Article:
What is particularly disturbing is when the fossil fuel monied interests target, and manipulate, working class interests to build opposition to climate actions. It is just such attempts to undermine climate action that require the most sustained and clear counter-messaging, and support for dealing with the economic impacts on working classes (and developing countrtries) from efforts to switch to a carbon-free world.
Ireland is not immune to these forces. Carbon taxes, on motor gas, diesel and home heating oil, have been part of the Irish landscape since 2010. The carbon taxes were part of the Programme of Government, 2007-12, for the Fianna Fail-Green Coalition, and were part of a movement by the Greens to move Ireland towards a Green Economy. They were carefully planned and tied to the long-established EU Emission Trading Scheme, which had been around for some time. There was no broad opposition or protests to these carbon taxes.
Yet around the same time, Ireland introduced water charges, which are similar to fuel taxes as they are both designed to reduce consumer usage of a fundamental natural resource. The water charges provoked protests akin to the Yellow Vests. As in the French protests against fuel taxes, the context for the recent introduction of water charges in Ireland may be helpful.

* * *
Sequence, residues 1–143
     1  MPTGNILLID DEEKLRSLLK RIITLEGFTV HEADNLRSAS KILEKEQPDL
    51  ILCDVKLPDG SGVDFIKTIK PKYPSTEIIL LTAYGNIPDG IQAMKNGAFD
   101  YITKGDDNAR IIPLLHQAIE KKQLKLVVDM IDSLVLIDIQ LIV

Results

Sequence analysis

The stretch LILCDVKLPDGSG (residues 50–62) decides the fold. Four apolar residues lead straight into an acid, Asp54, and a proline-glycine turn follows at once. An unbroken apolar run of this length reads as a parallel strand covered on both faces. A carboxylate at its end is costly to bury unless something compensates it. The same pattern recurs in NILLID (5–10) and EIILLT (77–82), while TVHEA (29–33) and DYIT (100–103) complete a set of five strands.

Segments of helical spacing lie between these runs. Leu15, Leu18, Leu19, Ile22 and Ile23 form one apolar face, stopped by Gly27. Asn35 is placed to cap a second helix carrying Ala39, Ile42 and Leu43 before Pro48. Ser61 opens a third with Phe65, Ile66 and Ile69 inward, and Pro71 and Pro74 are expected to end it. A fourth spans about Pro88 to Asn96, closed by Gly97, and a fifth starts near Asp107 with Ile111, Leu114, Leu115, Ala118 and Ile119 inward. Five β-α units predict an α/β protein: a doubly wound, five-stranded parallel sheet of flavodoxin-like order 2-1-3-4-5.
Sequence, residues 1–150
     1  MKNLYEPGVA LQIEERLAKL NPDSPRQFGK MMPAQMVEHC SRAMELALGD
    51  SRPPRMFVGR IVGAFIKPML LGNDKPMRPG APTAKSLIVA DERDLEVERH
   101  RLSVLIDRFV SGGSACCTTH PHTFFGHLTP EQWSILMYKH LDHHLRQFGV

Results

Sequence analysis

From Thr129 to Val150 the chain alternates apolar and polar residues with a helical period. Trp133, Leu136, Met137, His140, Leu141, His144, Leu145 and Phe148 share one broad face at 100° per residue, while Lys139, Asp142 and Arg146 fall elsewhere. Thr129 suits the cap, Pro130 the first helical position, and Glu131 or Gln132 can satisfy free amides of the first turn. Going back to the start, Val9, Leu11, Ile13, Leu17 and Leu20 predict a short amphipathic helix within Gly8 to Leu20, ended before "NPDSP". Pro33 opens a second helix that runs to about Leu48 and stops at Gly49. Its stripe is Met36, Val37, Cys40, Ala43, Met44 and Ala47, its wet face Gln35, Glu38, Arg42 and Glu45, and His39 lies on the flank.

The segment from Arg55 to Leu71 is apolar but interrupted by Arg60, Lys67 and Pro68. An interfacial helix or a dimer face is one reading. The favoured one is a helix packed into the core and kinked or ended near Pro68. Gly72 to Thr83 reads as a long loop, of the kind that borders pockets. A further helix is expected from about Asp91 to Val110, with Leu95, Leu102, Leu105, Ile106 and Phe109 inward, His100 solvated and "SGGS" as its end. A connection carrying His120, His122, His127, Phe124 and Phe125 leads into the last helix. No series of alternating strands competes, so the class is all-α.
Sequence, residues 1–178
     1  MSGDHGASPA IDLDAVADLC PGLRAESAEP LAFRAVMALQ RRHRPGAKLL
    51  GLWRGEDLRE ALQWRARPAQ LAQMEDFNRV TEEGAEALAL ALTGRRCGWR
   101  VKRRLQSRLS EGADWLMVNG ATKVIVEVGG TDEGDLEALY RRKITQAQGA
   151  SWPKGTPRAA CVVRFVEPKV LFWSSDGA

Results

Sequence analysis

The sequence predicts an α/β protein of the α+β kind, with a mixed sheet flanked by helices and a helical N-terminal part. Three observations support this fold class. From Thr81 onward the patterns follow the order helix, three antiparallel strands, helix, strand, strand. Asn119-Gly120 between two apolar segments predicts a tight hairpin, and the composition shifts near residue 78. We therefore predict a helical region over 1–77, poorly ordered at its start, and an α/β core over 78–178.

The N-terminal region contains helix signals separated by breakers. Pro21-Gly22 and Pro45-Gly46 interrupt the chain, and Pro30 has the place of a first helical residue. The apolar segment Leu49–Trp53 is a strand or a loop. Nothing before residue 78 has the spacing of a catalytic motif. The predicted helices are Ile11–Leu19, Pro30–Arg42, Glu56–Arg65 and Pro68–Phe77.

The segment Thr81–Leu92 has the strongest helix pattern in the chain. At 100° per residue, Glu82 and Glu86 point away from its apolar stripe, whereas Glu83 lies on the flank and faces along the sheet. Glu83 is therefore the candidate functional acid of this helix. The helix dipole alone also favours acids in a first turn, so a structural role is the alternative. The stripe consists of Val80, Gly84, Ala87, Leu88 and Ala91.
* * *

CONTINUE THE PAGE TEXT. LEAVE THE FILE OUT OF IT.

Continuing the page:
The charges were directly tied to the National Recovery Plan and a condition to the arrangements for the EU-IMF bailout of Ireland in 2010 (or an excuse by the government to impose water charges). Part of that Plan was also the creation of Irish Water to handle all water issues, including installation of water meters and collection of charges. It did not help matters that Irish Water spent €85 million on consultants by 2015, and that Irish water spent €180million to set up, and that employees were entitled to bonus payments, even if their performances were sub-par. In other words, the then Irish government’s rollout of water charges was less than brilliant.
We ignore such concerns about climate action at our peril, and to the peril of the planet. And we need to be ever more cafeful in how we try to persuade or sell climate change actions.